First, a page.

More often than not, poor communication is the cause of misunderstandings and frustrations at work. When employees feel the bridge of communication between themselves and the company has not been built properly, they tend to become overwhelmed and anxious. 

Let your employees know they can tell you how they’re feeling.

The fact that burnout is an invisible disease makes it harder to identify and diagnose, which makes it essential for employees to rely on communication to express their concerns and how they’re feeling. 

Make your employees’ lives a bit easier by always keeping the door open. Find ways to let your staff members know they’re always welcome to raise any concerns and start a conversation with you. Stated in another way: make sure they find you approachable.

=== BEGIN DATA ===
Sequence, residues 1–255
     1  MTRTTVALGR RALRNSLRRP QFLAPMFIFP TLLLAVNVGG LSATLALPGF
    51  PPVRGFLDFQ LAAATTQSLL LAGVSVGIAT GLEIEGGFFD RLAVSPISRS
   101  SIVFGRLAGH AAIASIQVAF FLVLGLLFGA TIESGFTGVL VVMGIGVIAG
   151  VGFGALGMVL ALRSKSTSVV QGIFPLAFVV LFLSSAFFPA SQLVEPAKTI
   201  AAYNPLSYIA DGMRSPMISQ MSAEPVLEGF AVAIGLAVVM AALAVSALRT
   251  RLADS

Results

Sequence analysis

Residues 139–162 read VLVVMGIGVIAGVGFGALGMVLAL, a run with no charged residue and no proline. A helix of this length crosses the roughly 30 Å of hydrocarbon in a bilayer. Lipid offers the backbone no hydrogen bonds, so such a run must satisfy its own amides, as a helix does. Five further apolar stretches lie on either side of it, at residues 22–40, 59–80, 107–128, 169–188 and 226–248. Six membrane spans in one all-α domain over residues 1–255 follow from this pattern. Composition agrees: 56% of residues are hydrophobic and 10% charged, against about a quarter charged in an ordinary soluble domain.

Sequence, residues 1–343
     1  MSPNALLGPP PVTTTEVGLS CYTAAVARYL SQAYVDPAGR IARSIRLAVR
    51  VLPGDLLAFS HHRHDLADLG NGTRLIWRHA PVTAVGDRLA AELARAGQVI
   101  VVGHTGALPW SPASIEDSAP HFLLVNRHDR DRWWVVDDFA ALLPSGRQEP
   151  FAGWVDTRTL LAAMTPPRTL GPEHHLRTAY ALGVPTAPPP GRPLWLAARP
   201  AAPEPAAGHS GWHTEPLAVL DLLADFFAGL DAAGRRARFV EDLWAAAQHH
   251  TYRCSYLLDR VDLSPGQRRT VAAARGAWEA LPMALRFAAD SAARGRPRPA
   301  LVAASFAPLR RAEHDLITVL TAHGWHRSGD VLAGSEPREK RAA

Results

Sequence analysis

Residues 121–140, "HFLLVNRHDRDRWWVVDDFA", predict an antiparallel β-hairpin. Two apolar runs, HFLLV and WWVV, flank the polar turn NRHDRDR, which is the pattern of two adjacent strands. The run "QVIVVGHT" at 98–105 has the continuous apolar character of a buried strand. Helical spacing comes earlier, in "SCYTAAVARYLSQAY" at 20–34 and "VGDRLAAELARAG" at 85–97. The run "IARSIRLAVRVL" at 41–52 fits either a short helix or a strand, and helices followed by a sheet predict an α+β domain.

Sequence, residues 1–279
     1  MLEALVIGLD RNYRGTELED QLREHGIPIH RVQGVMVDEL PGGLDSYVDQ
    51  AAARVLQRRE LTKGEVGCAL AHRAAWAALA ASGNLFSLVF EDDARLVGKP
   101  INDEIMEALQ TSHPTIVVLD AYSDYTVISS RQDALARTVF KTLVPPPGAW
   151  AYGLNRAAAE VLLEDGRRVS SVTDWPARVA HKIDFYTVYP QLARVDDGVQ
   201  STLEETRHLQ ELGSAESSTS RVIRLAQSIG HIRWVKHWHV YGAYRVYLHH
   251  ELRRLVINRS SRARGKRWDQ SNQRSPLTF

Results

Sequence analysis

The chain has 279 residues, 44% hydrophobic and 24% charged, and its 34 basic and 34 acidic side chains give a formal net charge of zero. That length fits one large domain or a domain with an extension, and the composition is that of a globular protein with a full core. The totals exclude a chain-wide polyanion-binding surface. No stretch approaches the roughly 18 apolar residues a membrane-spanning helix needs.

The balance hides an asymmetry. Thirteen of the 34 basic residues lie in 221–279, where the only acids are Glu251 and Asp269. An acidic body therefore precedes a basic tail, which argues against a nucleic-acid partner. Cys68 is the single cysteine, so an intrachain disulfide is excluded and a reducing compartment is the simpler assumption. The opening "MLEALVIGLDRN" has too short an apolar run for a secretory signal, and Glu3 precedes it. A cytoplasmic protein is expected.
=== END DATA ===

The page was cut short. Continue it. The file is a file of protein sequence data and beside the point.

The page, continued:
Regular performance discussions are a great way to actively show your employees you’re listening to them, and they are a sensational tool in helping to combat employee stress

  1. Give Your Team the Flexibility It Seeks

Did you know that millennials and Gen Z account for over a third of the current workforce in the US? With that percentage rising gradually over the next decade, it becomes imperative to pay more attention to what these generations want and expect from work. FYI, flexibility is always amongst their top requirements. 

Having a flexible working schedule can significantly help employees reduce their levels of stress. Flexibility facilitates finding work-life balance and provides workers with the freedom they often need to achieve their goals.